Constant demands for increased productivity from software developers are being met with increasing levels of burnout caused by pandemic stress, changing working conditions, and multiple tools that require a change of context.
All of these factors can prevent developers from achieving optimal performance levels. Some barriers to productivity are easy to identify; others are much less visible but just as impactful. Recognizing the existence of these stumbling blocks is only the first step towards finding a solution.
The disadvantages of remote work
According to Derrick Morton, CEO of FlowPlay, the biggest problem you have with developers is not being clear about the task or the goal. “Before, this was often solved by quieter conversations – office life solved many communication problems,” he said. “In these times, communication needs to be very clear – you can’t assume people have heard of the Vine or read the document that anything should have been changed.”
Even harder: trying to think as a team when people are working remotely, often on asynchronous schedules. “It’s when you have conversations with people about how the end product will actually take shape, and that’s hard with Zoom because Zoom, for whatever reason, is by its very nature very transactional,” said Morton said. “It’s just weird to brainstorm on Zoom.”
In addition to making things more inefficient, remote work could make it even harder to maintain a company’s growth culture. “We’re super worried about that right now,” Morton added. “It’s one of the things we’re dealing with now and trying to figure out. It’s very difficult.”
Patrick Dunn, director of engineering at Hired, thinks that in remote environments, life around the house can become a barrier to productivity unless developers take proactive steps. “Context switching and its mental impact, for personal or professional reasons, can be a productivity killer if it happens too often,” he said. “Encouraging the use of tools like Pomodoro timers and other focus-related apps can help developers reduce context switching.”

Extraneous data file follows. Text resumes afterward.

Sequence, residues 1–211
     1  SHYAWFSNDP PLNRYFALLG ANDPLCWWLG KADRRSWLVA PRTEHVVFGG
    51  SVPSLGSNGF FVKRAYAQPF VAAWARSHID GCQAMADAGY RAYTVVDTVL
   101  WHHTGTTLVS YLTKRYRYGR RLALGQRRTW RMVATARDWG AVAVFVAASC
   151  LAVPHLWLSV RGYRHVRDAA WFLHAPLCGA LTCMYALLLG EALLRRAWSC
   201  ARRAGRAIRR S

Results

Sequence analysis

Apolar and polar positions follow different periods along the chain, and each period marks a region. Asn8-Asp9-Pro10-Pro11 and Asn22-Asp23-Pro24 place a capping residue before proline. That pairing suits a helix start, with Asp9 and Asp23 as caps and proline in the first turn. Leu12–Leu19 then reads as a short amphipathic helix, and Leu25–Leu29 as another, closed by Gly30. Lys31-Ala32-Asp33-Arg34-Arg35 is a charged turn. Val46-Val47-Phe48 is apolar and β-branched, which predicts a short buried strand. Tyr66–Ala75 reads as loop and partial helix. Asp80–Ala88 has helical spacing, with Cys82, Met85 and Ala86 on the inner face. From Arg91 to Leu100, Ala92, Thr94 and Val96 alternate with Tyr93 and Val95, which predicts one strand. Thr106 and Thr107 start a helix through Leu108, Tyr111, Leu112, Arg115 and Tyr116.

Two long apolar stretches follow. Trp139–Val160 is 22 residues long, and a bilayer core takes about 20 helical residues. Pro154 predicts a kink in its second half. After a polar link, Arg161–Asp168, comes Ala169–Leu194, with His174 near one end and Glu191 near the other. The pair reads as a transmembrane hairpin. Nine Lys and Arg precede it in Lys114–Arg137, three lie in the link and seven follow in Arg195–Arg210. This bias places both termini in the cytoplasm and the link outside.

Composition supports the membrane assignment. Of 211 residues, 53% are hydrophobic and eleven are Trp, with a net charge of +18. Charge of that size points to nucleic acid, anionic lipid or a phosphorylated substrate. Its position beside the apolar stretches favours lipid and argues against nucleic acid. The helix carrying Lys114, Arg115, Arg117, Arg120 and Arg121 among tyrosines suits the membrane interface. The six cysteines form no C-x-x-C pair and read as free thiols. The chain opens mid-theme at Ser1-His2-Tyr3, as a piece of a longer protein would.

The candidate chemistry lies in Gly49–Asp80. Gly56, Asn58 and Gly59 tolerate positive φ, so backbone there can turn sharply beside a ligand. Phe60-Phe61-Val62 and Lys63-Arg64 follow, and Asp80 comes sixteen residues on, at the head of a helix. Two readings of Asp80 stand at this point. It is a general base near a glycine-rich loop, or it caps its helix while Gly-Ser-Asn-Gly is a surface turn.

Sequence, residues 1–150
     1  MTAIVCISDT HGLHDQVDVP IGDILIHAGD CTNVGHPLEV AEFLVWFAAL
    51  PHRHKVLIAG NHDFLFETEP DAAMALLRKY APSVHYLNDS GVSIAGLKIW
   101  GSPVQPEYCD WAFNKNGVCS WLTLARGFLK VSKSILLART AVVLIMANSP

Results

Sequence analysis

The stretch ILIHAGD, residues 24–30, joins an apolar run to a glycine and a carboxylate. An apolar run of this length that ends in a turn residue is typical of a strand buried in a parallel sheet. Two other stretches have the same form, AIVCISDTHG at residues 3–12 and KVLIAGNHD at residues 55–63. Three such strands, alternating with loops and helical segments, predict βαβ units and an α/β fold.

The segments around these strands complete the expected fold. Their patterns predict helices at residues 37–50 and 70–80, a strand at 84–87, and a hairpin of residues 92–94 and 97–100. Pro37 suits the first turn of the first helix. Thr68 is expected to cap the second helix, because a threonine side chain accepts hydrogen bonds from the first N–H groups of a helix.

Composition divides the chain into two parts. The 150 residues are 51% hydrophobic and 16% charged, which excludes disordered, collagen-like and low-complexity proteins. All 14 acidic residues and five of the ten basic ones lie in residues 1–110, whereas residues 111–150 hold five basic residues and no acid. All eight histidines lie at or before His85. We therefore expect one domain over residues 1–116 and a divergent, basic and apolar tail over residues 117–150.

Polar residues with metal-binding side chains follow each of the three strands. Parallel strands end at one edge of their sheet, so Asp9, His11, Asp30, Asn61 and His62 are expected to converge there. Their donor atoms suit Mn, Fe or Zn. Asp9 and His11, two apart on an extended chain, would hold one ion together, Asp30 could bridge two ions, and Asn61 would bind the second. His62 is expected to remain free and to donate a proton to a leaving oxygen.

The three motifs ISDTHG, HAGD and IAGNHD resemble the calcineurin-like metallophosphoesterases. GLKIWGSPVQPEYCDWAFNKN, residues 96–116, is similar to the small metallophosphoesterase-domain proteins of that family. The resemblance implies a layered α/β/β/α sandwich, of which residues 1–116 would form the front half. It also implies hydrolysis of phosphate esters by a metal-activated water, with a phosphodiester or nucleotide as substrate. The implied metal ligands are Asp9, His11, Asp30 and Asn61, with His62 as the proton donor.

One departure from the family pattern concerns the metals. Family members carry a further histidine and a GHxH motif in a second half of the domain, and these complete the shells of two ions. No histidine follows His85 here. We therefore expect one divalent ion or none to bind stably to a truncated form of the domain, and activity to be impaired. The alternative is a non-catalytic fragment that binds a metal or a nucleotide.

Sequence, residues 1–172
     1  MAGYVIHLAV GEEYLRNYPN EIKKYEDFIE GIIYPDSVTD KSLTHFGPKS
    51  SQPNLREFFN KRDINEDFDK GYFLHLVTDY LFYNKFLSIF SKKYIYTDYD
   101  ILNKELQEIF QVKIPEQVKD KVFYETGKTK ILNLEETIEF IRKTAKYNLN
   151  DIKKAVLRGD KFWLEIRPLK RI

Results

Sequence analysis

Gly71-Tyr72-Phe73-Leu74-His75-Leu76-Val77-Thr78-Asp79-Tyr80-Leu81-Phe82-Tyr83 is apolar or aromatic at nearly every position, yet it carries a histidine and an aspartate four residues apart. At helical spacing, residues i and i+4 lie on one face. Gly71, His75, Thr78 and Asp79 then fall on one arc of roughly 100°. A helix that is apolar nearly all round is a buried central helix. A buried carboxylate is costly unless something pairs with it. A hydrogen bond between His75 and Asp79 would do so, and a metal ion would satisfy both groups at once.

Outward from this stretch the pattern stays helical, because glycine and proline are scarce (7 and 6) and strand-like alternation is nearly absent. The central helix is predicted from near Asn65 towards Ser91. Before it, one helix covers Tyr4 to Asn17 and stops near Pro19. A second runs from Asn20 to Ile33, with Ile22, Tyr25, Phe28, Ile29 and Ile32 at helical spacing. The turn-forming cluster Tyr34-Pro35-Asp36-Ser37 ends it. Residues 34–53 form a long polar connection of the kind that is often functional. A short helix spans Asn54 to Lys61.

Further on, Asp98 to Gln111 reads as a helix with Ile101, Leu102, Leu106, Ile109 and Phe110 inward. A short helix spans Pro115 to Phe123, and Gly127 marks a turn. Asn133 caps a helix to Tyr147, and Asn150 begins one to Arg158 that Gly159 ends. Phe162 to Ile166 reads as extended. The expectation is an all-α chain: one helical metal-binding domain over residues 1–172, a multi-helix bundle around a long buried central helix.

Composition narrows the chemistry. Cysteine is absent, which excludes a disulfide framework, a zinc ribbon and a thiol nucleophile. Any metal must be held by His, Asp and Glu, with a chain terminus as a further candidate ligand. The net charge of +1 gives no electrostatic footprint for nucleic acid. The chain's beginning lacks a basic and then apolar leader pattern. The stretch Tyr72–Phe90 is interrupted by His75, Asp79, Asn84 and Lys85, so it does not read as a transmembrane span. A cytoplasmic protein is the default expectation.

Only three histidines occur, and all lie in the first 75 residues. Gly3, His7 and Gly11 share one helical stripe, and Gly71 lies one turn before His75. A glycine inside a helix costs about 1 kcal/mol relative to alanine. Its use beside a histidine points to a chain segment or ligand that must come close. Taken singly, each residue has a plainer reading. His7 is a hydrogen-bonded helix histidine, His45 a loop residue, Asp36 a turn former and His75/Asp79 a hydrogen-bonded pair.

For teams around the world, it’s also important to estimate the time it takes from completing coding to going live. Accurate planning of code and product review cycles can allow developers to plan their time more efficiently.
“Are the tools easy to use and understand, especially if something goes wrong? How easily can you undo a mistake? Dunn said. “Developers can be slow to act if the cost of action in this post-development phase is high, so consider how you can reduce this friction while being aware of your organization’s needs.”
It’s not all about the exit
Focusing too much on production and straining your developers can turn into a hindrance to productivity. “It’s incredibly demoralizing if you’ve ever told your developers they’ve worked very hard, but guess what we’re going to do next quarter: work harder!” Dunn said. “Be prepared to allow an ebb and flow of productivity. Sometimes a period of slow production is needed to recharge your creativity and reduce burnout, which means that in the long run you will be even more productive.